Continuing the football fight


Two Januarys ago, Maryland football fans rejoiced because they had impressed the National Football League brass by camping out overnight to buy all the tickets to an exhibition game seven months hence.

In hindsight, it was a naive assumption. Even sports investor/novelist Tom Clancy could not have dreamed up the twists and turns this story would take. Baltimore was unsuccessful in its bid for an expansion team -- twice -- and Orioles owner Peter Angelos was unable to buy two existing NFL franchises on the block.

A few years ago, when a young Orioles baseball team made an unlikely bid for the pennant, sports fans in this town shouted, "Why not?" Now, as regards the football cavort, some may be asking "Why bother?"

This is why: Because Camden Yards remains a major strength in one of the state's biggest economic stimulators, tourism.

Because Baltimoreans proved this town still has a voracious appetite for sports when it made the infant CFLs the most successful team in the Canadian Football League, even while playing in rundown Memorial Stadium and fielding a team of castoffs and unknowns.

Because Mr. Angelos, and other deep-pockets investors, are willing to plunk down ridiculous sums of money to gain an NFL franchise.

Because professional sports, silly as they often seem, help to forge a civic spirit, a communal identity, a corporate climate.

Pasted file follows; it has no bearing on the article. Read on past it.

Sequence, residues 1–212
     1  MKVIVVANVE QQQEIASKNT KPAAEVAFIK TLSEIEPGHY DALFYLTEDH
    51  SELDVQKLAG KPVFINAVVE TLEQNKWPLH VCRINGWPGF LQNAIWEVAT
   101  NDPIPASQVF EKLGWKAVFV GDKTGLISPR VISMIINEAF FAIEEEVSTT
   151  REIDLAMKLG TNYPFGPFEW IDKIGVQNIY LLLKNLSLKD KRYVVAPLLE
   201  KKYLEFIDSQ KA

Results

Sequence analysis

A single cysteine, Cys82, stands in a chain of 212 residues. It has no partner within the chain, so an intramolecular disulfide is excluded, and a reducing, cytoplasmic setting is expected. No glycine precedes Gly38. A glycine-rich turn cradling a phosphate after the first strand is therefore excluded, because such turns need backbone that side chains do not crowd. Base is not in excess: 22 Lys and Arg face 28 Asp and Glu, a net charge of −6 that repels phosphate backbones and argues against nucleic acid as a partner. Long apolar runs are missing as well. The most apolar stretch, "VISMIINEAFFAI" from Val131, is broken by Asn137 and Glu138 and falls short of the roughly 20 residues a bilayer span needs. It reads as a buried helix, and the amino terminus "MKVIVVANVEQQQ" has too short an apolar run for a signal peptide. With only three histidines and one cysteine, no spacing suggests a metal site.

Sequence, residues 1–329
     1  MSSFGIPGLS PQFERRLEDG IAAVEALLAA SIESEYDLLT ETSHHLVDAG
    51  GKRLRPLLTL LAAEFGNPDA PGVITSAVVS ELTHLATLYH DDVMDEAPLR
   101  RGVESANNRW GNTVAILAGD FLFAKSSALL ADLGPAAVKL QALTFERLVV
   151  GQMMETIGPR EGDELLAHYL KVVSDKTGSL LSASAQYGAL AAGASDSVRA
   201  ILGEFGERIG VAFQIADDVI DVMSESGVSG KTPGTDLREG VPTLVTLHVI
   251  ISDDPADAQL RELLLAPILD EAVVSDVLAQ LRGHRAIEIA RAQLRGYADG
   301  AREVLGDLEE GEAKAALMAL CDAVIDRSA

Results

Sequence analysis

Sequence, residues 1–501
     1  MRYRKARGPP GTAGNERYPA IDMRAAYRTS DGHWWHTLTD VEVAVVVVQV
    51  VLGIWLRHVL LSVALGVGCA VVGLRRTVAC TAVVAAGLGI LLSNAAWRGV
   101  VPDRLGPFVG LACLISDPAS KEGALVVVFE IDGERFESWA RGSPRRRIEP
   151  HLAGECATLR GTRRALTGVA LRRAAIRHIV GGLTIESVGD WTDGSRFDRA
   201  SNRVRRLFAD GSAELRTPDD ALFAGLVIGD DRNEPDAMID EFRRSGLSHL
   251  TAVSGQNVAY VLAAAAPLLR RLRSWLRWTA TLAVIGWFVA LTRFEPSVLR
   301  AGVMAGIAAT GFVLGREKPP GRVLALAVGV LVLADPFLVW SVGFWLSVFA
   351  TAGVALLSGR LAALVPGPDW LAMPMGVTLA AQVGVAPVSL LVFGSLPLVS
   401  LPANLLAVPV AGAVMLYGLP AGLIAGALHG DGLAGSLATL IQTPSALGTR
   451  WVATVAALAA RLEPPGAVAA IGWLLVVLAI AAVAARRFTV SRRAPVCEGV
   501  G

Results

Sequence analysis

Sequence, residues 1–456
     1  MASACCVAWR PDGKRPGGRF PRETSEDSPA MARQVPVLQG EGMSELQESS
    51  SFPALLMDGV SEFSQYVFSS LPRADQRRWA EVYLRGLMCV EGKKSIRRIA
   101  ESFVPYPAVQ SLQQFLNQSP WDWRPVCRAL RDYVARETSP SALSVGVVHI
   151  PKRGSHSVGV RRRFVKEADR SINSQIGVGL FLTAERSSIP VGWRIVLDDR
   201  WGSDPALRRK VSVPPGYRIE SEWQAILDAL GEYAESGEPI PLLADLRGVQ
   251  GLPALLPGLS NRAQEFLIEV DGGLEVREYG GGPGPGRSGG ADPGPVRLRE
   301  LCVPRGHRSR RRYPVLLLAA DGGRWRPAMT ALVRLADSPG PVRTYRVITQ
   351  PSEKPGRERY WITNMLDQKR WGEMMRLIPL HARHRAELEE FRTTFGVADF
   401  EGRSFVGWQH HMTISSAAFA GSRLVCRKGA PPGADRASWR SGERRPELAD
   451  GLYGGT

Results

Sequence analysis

Because the obsession to replace the fabled Colts has gone on for a decade -- and it's getting stronger, not weaker.

It is the intangibles, mostly personality rifts, that seem to stand in Baltimore's way.

If the General Assembly ends this quest by deauthorizing the stadium bond money, the state gains nothing. There are a few million dollars set aside for a stadium, but most of the $190 million needed for the stadium has yet to be raised through the bond market or through instant lottery games.

Senate President Thomas V. Mike Miller Jr. once used a barnyard epithet to describe Baltimore -- a flub that foreclosed his political ambitions for higher office. He might find his political fortunes declining even further if he tries to subvert the stadium bond authorization for the benefit of his new friend, Redskins owner Jack Kent Cooke, whose own plan to build a stadium at an undesirable site in Laurel has failed to win local backing.

If we have learned anything about the sports world it's to predict the unpredictable. What remains predictable is Baltimore's enormous potential as a site for an NFL football team.

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